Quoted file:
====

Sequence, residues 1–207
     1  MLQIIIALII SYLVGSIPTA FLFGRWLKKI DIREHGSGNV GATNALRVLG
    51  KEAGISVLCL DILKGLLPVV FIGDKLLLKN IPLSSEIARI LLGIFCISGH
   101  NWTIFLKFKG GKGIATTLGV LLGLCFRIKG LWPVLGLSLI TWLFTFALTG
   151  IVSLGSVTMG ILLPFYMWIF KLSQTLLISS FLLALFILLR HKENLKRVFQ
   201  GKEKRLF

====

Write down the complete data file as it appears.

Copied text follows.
Sequence, residues 1–207
     1  MLQIIIALII SYLVGSIPTA FLFGRWLKKI DIREHGSGNV GATNALRVLG
    51  KEAGISVLCL DILKGLLPVV FIGDKLLLKN IPLSSEIARI LLGIFCISGH
   101  NWTIFLKFKG GKGIATTLGV LLGLCFRIKG LWPVLGLSLI TWLFTFALTG
   151  IVSLGSVTMG ILLPFYMWIF KLSQTLLISS FLLALFILLR HKENLKRVFQ
   201  GKEKRLF